Pro-gay Anglicans say Nigerian Church 'obsessed' with gays
Archbishop Peter Akinola and leaders of the 25-million strong Anglican Church in Nigeria have been accused of being 'obsessed' with homosexuality while ignoring other major issues of concern from the perspective of the Gospel.
The comments came from the Dean of Southwark, the Very Rev Dr Colin Slee, in an interview yesterday with BBC Radio 4's World at One programme, which was exploring the current row over a letter from developing world Primates that appears to challenge the leadership of the Archbishop of Canterbury, Dr Rowan Williams.
Dr Slee, who is a senior protagonist in the Inclusive Church network, said that the 'obsession' of the Nigerian Primate and church leadership was 'deeply cultural' more than it was theological.
He added that it stood in contrast to the Church's relative silence over 'the massive abuse of women, polygamy, female mutilation and stoning [in Nigeria] for adultery'.
In particular he criticised the heads of the Nigerian Church for failing to take an adequate stand against the threats of stoning against women caught in adultery under a version of Sharia law.
Those who have faced the death penalty in such circumstances include Amina Lawal, Fatima Usman and Ahmadu Ibrahim.
At the end of St John's Gospel in the New Testament, Jesus is recorded as having intervened to stop the stoning of a woman caught in adultery, proclaiming 'let the one who is without sin cast the first stone.'
The Archbishop of Nigeria was also strongly criticised this weekend by Oxford philosophy lecturer and vicar of Putney Dr Giles Fraser in the Guardian newspaper.
In a piece headlined ëRebuff this mad, bad clique with a bullying version of the Gospel', Dr Fraser, who is also an Ekklesia associate, describes Dr Akinola as 'ringleader of a clique of archbishops trying to unseat Rowan Williams from Canterbury.'
But one of those working with Archbishop says that Akinola did not perceive the content of the Primates' letter to be 'controversial' and says that relations between the Nigerian leader and the Dr Williams were 'warm' at the South-South meeting.
Dr Fraser quotes Archbishop Akinola as having said 'I cannot think of how a man in his senses would be having a sexual relationship with another man. Even in the world of animals, dogs, cows, lions, we don't hear of such things', and 'God created two persons - male and female. Now the world of homosexuals has created a third - a homosexual, neither male nor female - a strange two-in-one human.'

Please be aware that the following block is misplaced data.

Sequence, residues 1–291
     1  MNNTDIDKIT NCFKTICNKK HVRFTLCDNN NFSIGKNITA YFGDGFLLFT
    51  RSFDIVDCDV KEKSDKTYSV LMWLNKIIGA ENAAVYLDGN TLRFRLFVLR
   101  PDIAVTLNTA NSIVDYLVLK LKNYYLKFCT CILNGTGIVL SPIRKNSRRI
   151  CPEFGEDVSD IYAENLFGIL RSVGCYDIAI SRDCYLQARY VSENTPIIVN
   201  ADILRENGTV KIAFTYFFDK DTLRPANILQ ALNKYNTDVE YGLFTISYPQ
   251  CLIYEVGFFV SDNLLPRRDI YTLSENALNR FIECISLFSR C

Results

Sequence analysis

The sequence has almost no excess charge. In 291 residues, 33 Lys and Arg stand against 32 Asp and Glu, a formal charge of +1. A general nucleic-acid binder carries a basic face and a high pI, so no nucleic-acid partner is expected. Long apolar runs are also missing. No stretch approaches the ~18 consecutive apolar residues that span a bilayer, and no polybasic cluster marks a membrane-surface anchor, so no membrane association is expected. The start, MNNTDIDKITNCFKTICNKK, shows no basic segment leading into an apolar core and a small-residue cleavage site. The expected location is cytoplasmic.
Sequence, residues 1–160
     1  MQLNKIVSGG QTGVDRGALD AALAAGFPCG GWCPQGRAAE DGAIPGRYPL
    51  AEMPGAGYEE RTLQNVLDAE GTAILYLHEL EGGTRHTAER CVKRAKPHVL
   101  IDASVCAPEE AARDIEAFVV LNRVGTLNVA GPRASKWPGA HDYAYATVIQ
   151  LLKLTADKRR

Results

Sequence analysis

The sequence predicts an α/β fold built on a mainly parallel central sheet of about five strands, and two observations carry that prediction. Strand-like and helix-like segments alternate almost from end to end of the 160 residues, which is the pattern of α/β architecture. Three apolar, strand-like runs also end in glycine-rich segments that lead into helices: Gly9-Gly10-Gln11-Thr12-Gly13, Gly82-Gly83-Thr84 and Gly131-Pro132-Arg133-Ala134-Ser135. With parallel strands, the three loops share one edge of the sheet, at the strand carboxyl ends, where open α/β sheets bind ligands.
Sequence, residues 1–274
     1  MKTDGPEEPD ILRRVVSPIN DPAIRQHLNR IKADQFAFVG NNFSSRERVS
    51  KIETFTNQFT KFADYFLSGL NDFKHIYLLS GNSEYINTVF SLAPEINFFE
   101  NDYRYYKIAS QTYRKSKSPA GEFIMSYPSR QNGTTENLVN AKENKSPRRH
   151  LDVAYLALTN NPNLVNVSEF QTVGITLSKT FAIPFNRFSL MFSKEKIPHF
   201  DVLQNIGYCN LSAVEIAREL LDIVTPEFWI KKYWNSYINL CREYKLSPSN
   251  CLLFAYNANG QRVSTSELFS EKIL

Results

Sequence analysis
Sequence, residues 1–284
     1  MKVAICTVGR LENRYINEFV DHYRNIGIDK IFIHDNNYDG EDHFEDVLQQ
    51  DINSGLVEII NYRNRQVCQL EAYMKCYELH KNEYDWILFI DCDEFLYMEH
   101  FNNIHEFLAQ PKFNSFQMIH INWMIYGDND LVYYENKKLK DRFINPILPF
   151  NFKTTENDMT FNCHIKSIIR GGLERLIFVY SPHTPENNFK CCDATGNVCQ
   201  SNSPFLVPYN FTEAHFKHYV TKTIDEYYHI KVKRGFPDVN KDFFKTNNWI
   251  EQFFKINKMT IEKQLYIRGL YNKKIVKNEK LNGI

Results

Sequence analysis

Psychologists, theologians and human rights advocates have condemned such remarks as cruel and inaccurate.
Changing Attitude Nigeria, a group of Christians calling for the full inclusion of lesbian and gay people in the Anglican Church throughout the world, has criticised Dr Akinola for refusing to meet with them in accord with the Windsor Report's call for ëlistening', and also for ignoring their persecution.
In Nigeria, as in many parts of the world, gay people are attacked, imprisoned and killed.
Changing Attitude Nigeria leader Davis Mac-Iyalla and eight members were arrested and held in Wuse police station, Abuja, towards the end of October. The arrest seems to have been speculative, but the suspicion remains that they were targeted because of an article in the Sun newspaper of Nigeria.
Dr Akinola has also recently been robustly challenged on his theology and his approach to church politics by the Bishop of Washington DC, whose Episcopal Church USA has frequently been traduced by those who think of themselves as traditionalists.
Critics of the Nigerian Church's vehement opposition to the role of lesbian and gay people in the Christian community argue that its use of biblical texts and traditional teachings ignores contemporary scholarship and alternative interpretations.
Over the past few days Archbishop Akinola has been at the centre of a media storm over the outcome of the third (Anglican) South-South Encounter in Egypt at the end of October.
As chair of the event he helped coordinate a letter from Primates' responding to a presentation and question-and-answer session with the Archbishop of Canterbury, Dr Rowan Williams.
The letter was made public, against the wishes of some, and its signatories have been contested. One has since been removed. Dr Akinola has robustly denied claims of impropriety and says that 'no-one objected' when it was drafted.
In the letter, 13 out of 38 Primates (regional heads) in the Anglican Communion praised Dr Williams' scholarship and the contents of his paper on the doctrine of the Church.
But they also expressed concern over ëomissions', and raised the question about whether his personal and theological sympathy for gay people was preventing him from taking the sterner action the majority want against the inclusive policies in the US and Canadian Anglican Churches.
The letter also criticises the Church of England, and questions its state link, because it has agreed that clergy can be registered in same-sex relationships under the new UK Civil Partnerships Law (due to be implemented in December) provided they remain celibate.
Those who believe that Anglican theology and teaching can and should be affirmative towards lesbian and gay people, including the Bishop of Worcester, the Rt Rev Dr Peter Selby, say that the Church's position is actually mean-spirited and insufficiently supportive.
[Also on Ekklesia:
Rowan Williams calls for active dialogue over gay conflict; Read Stephen Bates of The Guardian in conversation about his book, A Church At War; buy
Gays and the Future of Anglicanism
; Nigerian gay and lesbian Christians challenge Archbishop Akinola;
Episcopal bishop rejects Nigerian criticism on gays